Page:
Monday, 28 March 2016

North Cave Wetlands,A Class Site!,Sunday 27th March 2016.

An organised meet up again today at this superb site with along with Mike,saw us seeing plenty of good birds to keep us interested during our visit.
 After enjoying the obligatory cuppa and sausage sarnie on arrival from the excellent wild bird cafe,we began to explore the reserve.
 We started proceedings by walking along Dryham Lane looking on both Dryham Ings and on the Main Lake.These two areas provided some great sightings and included amongst the usual suspects of Teal,Gadwall,Shoveler,Wigeon and hundreds of Black-headed Gulls,a single,distant 2nd summer Med Gull on the Main Lake and the resident Ruff showing fairly well on Dryham Ings.
 While scanning through the masses of birds on Dryham Ings i picked up our first goodie of the day,a Little-ringed Plover.
 It was watched as it moved about from island to island in typical hyper active LRP style when they first arrive,just like clock work toys.This was our first record for the year of this cracking little migrant plover and the first record of the year for the reserve.
 After looking from the impressive Crosslands hide a distinctive call from our right,saw us enjoying our second Med Gull of the day as a superb adult gave us a flypast.
 We walked along the side of the Carp Lake and encountered a couple of Chiffchaff,which included nice views of one bird and as we reached the northern edge of the reserve,i was alerted to the distinct sound of Redpolls.The culprits were quickly found,but not the expected Lesser's,instead,2 frosty looking Mealies.They were difficult to get a sharp photo of due to branches in the hedgerow being infront of them,but a couple of record shots showed what the birds were and i was happy with the ID.They flew a little further along the hedgerow and they showed white rump patches in flight also.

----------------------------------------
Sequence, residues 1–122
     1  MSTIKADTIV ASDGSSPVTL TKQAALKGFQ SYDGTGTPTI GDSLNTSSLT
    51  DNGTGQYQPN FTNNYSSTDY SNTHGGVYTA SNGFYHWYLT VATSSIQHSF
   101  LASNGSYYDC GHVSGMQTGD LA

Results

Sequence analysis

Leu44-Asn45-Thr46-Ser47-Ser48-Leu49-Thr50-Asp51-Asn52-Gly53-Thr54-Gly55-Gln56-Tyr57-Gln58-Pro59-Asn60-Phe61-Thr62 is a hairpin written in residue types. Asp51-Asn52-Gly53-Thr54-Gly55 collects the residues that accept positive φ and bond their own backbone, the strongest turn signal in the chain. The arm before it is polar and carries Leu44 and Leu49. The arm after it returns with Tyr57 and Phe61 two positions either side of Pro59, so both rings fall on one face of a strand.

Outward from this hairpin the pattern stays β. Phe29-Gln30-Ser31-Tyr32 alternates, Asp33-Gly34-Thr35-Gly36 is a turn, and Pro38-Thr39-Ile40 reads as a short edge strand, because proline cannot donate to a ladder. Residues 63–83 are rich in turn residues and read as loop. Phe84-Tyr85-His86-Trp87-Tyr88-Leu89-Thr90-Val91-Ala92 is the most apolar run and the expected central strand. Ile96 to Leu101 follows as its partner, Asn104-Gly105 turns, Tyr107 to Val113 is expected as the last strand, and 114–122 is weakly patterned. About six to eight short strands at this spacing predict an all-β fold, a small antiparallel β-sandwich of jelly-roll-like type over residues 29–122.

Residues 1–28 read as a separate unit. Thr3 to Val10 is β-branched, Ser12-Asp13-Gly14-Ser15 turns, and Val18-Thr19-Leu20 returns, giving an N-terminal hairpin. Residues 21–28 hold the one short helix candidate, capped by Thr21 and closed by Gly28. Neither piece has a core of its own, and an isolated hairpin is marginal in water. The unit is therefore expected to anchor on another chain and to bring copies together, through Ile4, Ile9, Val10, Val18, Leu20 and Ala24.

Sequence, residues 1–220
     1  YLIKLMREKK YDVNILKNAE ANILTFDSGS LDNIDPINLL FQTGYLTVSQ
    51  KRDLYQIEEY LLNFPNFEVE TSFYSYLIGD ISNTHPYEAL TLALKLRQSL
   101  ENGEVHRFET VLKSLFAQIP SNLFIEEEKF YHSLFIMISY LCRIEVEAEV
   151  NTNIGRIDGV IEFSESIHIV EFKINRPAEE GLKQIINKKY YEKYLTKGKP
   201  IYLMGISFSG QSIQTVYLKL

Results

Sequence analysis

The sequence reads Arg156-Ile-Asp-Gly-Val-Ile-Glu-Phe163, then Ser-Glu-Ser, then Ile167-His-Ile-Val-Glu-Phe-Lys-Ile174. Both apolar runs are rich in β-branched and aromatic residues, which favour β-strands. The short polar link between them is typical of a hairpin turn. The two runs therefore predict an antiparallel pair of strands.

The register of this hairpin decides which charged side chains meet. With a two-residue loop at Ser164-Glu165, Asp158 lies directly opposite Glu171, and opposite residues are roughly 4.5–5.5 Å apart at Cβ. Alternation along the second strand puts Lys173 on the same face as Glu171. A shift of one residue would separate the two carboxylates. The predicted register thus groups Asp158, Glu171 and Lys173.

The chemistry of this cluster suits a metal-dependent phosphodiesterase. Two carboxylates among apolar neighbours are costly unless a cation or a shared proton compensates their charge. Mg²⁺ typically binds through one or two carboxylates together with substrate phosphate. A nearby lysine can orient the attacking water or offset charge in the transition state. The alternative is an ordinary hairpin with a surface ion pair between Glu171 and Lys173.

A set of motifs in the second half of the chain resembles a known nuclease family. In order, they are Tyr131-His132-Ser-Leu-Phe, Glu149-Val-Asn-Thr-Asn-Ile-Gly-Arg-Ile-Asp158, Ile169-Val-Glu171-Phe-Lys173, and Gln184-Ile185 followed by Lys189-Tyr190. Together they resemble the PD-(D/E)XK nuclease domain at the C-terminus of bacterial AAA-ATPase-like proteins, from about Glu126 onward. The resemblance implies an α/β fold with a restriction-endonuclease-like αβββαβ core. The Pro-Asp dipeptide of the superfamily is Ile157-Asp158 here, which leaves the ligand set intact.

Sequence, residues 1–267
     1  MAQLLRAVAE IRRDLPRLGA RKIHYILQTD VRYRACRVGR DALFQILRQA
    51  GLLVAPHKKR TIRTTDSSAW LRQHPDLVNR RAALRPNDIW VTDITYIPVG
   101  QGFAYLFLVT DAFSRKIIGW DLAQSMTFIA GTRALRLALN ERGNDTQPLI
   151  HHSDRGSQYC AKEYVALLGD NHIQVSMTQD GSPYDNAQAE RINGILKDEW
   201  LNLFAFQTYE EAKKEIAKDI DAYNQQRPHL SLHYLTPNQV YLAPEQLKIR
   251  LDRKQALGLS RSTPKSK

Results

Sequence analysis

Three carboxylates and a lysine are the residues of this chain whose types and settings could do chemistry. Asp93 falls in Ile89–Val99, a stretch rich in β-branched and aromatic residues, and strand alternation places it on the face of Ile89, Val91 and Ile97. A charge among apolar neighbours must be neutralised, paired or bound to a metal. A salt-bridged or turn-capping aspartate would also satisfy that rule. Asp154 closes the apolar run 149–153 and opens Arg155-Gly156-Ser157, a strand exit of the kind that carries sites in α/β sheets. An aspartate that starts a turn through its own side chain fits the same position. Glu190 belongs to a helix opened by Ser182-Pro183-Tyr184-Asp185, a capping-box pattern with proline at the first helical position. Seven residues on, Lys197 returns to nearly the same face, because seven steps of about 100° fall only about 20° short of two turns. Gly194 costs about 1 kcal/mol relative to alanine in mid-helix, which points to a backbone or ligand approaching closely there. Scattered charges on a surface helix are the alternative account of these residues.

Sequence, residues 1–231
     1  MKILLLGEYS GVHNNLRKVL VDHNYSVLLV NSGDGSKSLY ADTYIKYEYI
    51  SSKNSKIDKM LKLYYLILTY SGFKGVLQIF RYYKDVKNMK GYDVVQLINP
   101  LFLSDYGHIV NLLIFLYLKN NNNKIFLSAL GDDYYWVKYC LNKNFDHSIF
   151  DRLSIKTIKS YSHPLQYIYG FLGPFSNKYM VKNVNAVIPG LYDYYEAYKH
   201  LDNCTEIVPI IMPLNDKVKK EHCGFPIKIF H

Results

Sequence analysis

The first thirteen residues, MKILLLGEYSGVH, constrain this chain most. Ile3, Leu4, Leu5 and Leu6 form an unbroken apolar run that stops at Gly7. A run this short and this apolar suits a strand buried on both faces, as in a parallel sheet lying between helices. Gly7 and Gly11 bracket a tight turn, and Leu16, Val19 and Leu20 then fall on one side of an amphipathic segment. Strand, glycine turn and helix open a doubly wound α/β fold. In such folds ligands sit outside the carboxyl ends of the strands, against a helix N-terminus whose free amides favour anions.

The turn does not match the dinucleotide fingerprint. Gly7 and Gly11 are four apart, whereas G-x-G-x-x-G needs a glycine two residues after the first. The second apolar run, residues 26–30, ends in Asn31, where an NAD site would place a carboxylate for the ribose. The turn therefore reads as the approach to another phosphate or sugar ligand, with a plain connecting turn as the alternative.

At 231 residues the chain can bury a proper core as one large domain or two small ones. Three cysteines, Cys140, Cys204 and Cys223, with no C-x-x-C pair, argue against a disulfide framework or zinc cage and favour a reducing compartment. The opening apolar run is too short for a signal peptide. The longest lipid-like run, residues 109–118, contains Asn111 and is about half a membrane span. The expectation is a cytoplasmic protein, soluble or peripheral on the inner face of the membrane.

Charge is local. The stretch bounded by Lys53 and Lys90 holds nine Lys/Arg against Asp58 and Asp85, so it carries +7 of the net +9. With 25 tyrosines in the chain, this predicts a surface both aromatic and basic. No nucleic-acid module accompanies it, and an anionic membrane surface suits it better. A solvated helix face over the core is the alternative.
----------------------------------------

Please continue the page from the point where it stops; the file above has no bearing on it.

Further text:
After the Redpolls,good birds just kept on coming,with superb views of our 'First' Sand martins of the year with 6 birds hawking insects over the adjacent Alder scrub and Reedbed Lake.These are just cracking little birds and i love watching them as they energetically hawk for insects.
 The adjacent fields to reedbed lake held a large flock of Black-headed Gulls following a farmer ploughing the large field and a few pairs of Lapwings displayed and sparred for the best nesting spots.
 We eventually made our journey around the reserve back to the superb Wild Bird Cafe for another cuppa and while supping our tea a 2nd calendar year Peregrine put on a fine show scattering the assembled flock of Avocets in all directions,what a show of aerial prowess from this cracking bird.
 We then visited the hide overlooking the Main Lake and had a prolonged watch from here adding even more brilliant sightings to our already impressive list of species.This included 2 more Med Gulls,another adult and a 1st winter/summer bird in amongst the prospecting numbers of their Black-headed cousins and along the adjacent hillside 3 Red Kite and 3 Common Buzzards showed fairly well,the Kites steadily drifting over the reserve itself,with one actually landing in the field the farmer had been ploughing earlier,no doubt to feed on worms or insects the plough had disturbed.
 After enjoying the Kites Mike had to head home,but i stayed for a little longer,but didn't add anything else to what was already a very good day out.
 So what a cracking day out was enjoyed today and i travelled back home to north linc's contented at a brilliant day in the field.
Drake Mallard,Main Lake.

Ruff,Dryham Ings.

Distant shot of the Little-ringed Plover on Dryham Ings.